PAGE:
or Connect
Styleforum › Forums › Men's Style › Classic Menswear › Shoe Damage Report & Shoe P0rn Central - Part II
New Posts  All Forums:Forum Nav:

Shoe Damage Report & Shoe P0rn Central - Part II - Page 916

post #13726 of 19364
Quote:
Originally Posted by ljrcustom View Post

Please let us know how they hold up in the bad weather. Thanks.
The pair of boots that I currently own, have commando soles. I cant find any new pairs of brown boots with with commando sole that I like. This is why I am considering dainite. Is dainite really that bad on snow and ice?
very true...

Dainite is awful.

For rubber to be as hard wearing and to last as long as leather, it needs to be quite dense, which unfortunately means they don't grip at all. Dainite has this disadvantage, but also doesn't have much traction. I find leather soles actually have more traction than dainite.

My advice is to get a boot with leather soles and have a cobbler install commando on them.
post #13727 of 19364
Today's shoe. 1950's Wingtip Oxfords.

IMG_0780.jpg

IMG_0787.jpg

IMG_0789.jpg
post #13728 of 19364
Quote:
Originally Posted by hendrix View Post

Dainite is awful.
For rubber to be as hard wearing and to last as long as leather, it needs to be quite dense, which unfortunately means they don't grip at all. Dainite has this disadvantage, but also doesn't have much traction. I find leather soles actually have more traction than dainite.
My advice is to get a boot with leather soles and have a cobbler install commando on them.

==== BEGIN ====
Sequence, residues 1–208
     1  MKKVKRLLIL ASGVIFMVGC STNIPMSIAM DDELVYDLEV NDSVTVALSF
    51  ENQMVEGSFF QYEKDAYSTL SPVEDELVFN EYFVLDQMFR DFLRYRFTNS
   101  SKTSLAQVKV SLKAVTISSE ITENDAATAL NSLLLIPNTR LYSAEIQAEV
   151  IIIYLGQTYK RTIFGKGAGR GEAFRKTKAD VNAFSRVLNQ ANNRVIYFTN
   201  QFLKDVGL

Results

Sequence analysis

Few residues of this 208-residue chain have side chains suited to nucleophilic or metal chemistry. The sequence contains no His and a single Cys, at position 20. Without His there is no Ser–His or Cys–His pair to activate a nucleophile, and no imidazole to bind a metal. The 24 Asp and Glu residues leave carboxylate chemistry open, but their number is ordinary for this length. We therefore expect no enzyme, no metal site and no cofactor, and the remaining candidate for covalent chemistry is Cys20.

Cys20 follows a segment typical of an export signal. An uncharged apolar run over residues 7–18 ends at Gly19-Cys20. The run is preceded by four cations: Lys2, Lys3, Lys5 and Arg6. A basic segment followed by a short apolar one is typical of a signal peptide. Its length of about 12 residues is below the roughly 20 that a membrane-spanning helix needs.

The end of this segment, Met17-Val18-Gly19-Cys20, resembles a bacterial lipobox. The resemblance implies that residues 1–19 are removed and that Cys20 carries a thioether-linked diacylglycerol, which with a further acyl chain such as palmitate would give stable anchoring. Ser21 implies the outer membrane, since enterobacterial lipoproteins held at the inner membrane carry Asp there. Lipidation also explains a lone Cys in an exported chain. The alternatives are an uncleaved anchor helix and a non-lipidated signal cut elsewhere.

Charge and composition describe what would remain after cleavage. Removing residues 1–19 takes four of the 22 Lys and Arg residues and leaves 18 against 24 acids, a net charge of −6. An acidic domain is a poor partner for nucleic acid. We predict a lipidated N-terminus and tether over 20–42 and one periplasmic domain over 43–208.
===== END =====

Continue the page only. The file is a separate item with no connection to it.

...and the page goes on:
I take it on that rationale that crepe is good for grip?
post #13729 of 19364
I dunno.

It's probably not the best logic.

I don't like crepe either.

YMMV
post #13730 of 19364
]
Quote:
Originally Posted by ljrcustom View Post

I need to pick up a pair of those to replace an old pair that I have from to boot ny. Do expect them to wear well in snow and ice? Thanks.
-LR
Quote:
Originally Posted by fritzl View Post

dainite with snow&ice. welcome to the slippery slope party foo.gif

ol' fritzl sure do hate them Dainites. dozingoff.gif
post #13731 of 19364
Quote:
Originally Posted by hendrix View Post

I dunno.
It's probably not the best logic.
I don't like crepe either.
YMMV

It's probably pretty practical but I don't think I've ever seen a nice crepe soled shoe (My sweeping statement for the week).

Case in point
post #13732 of 19364
Quote:
Originally Posted by MalfordOfLondon View Post

Slightly boring...
C&J pebble grain chukkas on a dainite sole:
DSCF9447.JPG
DSCF9411.JPG
DSCF9412.JPG
DSCF9414.JPG
DSCF9449.JPG

 

Nothing boring about good shoes.  I have the "Grasmere" shoe with the same Dainite sole, and pebble grain (tan).  They're super hard-wearing, clean up nicely and very comfortable.  Also quite a generous fit I noticed.  Sometimes "understated" is the most stylish of all.  Actually, a lot of the time, come to think of it....!

post #13733 of 19364
Quote:
Originally Posted by jhcam8 View Post

]
ol' fritzl sure do hate them Dainites. dozingoff.gif

no, i don't hate dainite. it doesn't work on ice and snow. it's very good in rainy conditions, though. it's no rocket science.